When we talk about the mileage or the performance of your motorcycle, couple of technical things are always taken into consideration; the compression ratio is one of those. You might have heard that the modern motorcycles or the superbikes are all having engines with higher compression ratio, so before we move any further I want you to remember that the "Higher the Compression Ratio the better it would be".
Theoretically the compression ratio is the ratio or the fraction of the volumes before and after the piston moves from BDC (Bottom Dead Center) to TDC (Top Dead Center). Isn't it confusing???? let's try to understand it in a much simpler way:
Now, suppose when the piston is at the bottom end of the cylinder (position called as BDC) the space or volume left in the cylinder (including the combustion chamber) is 1400cc (V1) and when the piston moves from this position to the other top extreme position (also called as TDC), the remaining space or volume left is 100cc (V2).
In this case the compression ratio will be 1400:100 and further simplifying it will become 14:1. Now you must have noticed that practically the difference between the volumes before and after the piston moves from its both extreme ends determines the compression ratio. Considering this calculation you can get maximum compression ratio by increasing the V1 or by decreasing the V2 and to increase the Volume 1(V1) you can either increase the Bore size or the Stroke size or you can increase both Bore & Stroke size of the engine. Why Higher Compression Ratio is better?
As mentioned this earlier at the beginning of the article, its time to understand the importance of higher compression ratio. In an internal combustion engine the temperature plays very vital role, as we all know that when we talk about petrol engines the compression process involves the compression of fuel (petrol) and air mixture. When the piston moves from BDC to TDC it actually compresses the mixture of air and fuel and as a thumb rule of science the more you compress the gasses the more the molecules of the gasses gets activated and the maximum temperature attained.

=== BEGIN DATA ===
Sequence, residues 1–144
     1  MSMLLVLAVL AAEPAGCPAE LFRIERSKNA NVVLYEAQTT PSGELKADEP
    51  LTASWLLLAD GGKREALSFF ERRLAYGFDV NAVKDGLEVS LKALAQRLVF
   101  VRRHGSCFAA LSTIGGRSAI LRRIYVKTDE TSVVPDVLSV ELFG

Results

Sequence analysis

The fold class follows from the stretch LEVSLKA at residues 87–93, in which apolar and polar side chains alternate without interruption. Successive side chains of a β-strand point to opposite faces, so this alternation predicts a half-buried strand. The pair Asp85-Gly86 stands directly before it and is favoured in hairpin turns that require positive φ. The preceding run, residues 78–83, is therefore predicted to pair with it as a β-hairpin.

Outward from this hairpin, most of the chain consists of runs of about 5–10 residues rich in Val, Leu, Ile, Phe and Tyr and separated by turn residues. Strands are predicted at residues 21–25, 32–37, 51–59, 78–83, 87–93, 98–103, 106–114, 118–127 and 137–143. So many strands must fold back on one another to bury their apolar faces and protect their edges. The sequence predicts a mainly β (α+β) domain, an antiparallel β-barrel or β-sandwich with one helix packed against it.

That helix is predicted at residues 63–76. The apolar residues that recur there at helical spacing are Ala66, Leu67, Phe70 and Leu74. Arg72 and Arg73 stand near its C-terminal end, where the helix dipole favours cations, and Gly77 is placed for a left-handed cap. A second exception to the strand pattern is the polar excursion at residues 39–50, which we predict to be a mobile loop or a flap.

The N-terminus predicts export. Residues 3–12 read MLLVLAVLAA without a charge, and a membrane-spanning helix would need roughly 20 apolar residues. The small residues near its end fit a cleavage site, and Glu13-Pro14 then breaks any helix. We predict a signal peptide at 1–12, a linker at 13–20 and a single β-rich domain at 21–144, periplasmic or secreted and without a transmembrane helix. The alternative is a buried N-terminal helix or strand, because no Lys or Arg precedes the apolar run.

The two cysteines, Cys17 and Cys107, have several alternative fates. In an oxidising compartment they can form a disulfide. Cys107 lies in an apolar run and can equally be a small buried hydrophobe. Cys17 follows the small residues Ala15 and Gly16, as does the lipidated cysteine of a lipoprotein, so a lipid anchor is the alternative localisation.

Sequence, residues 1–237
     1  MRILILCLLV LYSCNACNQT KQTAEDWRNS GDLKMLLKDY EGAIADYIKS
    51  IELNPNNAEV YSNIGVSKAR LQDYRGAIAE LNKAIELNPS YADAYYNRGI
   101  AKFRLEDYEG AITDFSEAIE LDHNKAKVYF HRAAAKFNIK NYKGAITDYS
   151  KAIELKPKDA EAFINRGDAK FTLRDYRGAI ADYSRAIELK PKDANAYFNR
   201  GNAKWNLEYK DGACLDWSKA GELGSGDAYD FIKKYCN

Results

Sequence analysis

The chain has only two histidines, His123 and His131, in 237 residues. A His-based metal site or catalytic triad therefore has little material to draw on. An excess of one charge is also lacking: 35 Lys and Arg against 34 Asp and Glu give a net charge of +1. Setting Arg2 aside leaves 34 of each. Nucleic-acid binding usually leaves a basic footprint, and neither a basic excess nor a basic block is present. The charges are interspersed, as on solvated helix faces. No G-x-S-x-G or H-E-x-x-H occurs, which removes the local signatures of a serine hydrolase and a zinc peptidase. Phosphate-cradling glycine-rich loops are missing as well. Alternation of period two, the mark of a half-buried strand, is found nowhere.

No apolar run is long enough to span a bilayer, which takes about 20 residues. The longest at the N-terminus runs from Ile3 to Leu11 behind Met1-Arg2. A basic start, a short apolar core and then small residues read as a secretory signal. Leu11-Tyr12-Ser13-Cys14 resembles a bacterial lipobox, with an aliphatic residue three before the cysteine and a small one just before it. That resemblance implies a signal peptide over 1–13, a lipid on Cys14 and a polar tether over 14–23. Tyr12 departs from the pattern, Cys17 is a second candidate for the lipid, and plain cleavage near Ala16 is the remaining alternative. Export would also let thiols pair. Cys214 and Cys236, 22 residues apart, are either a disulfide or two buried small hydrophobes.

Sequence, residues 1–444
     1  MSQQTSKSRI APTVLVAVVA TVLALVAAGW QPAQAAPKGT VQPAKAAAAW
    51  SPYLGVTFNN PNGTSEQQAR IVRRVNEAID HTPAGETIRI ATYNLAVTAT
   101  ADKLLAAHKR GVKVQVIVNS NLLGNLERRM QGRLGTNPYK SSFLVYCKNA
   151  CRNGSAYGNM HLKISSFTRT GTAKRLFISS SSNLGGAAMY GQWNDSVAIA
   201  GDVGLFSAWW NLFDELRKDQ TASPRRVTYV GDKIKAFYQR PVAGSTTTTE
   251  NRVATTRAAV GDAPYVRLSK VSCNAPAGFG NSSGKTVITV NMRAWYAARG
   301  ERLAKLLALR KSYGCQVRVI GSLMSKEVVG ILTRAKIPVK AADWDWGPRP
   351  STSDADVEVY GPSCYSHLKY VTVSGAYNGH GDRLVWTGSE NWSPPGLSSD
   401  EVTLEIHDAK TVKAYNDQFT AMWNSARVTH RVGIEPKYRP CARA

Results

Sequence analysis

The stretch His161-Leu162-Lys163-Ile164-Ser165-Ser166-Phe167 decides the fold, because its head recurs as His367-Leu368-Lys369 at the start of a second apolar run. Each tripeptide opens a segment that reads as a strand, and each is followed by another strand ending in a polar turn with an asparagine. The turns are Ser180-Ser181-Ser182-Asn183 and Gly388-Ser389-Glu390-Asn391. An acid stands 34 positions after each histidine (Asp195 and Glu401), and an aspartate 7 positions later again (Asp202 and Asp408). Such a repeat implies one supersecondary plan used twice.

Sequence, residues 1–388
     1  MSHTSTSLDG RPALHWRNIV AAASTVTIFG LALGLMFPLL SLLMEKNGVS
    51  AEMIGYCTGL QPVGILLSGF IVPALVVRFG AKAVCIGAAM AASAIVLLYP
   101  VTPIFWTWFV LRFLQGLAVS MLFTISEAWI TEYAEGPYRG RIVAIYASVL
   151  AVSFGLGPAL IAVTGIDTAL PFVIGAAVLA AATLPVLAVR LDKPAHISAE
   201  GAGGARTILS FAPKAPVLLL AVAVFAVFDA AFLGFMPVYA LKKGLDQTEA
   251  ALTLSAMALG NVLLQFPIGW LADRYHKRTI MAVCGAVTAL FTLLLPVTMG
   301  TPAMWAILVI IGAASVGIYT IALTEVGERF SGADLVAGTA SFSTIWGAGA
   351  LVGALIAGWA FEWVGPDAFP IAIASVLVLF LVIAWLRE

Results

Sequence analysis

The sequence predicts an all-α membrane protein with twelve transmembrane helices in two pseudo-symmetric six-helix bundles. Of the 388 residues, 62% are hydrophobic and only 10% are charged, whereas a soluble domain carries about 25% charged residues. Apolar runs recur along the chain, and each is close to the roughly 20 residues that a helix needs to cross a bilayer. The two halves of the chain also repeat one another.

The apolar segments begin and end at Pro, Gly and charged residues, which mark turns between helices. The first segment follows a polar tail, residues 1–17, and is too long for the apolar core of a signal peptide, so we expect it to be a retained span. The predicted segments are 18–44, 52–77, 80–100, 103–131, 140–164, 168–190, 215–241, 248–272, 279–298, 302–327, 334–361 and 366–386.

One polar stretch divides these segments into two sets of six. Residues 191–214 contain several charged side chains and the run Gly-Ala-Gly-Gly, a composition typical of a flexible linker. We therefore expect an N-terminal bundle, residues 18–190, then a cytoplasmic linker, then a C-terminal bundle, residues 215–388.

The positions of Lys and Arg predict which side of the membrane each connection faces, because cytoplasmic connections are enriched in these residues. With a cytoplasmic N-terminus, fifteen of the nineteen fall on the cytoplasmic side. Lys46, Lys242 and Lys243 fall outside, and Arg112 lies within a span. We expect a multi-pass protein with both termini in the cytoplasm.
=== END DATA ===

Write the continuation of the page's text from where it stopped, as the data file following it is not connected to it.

If the mixture of air and fuel is not compressed optimally or in other words the compression ratio of the engine is lower, then the molecules of the gasses would not reach to the state of optimum activity and neither the temperature reaches to its desirable reading and when the combustion takes place with the spark generated from the sparkplug, it would not only result into poor performance but would also return poor mileage.
Drawbacks Of Higher Compression Ratio:
So, now you know it's all about volume game, to get the gasses compressed efficiently, you need volume. But there are drawbacks of the higher compression ratio engines as well, the air & fuel mixture when compressed in a higher compression ratio engine, there is a chance of self-detonation, as fuel with lower octane rating is tend to combust at comparatively lower temperature and hence resulting "Knocking" which ultimately spoil the whole purpose of the higher compression ratio engine. As knocking prevents the gasses to reach the maximum compression and the mixture of air and fuel (with lower octane rating) explodes well before the piston reaches to the TDC compressing the gasses to its maximum.
To avoid the knocking every manufacturer recommends use of specific octane value fuel, generally premium fuel with higher octane rating is recommended. There are other ways also to counter the early detonation at the higher compression engines, putting up "Knock Sensors" are one of those commonly used in racing bikes which are known to have engines with high compression ratio as much as 14-17:1.
Earlier when the premium fuel was not commonly available manufacturers were compelled to produce engines with comparatively lower compression ratio, as low as 7-8:1 but when technology evolved and higher octane fuel is radially available along with gadgets like Knock-sensors, the bikes with 11:1 compression ratio are now become common sight.
By: Farhan Kashif